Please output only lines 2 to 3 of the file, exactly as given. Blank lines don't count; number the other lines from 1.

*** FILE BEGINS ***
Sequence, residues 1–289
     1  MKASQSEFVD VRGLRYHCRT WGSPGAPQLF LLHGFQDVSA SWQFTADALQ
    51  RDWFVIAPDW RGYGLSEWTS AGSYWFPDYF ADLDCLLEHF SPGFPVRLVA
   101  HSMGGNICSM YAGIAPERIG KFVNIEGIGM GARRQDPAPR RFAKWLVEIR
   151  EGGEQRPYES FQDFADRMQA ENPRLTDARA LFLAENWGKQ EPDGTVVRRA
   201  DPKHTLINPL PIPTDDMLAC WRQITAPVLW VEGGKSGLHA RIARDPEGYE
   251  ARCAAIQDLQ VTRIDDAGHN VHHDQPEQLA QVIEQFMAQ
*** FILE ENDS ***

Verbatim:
     1  MKASQSEFVD VRGLRYHCRT WGSPGAPQLF LLHGFQDVSA SWQFTADALQ
    51  RDWFVIAPDW RGYGLSEWTS AGSYWFPDYF ADLDCLLEHF SPGFPVRLVA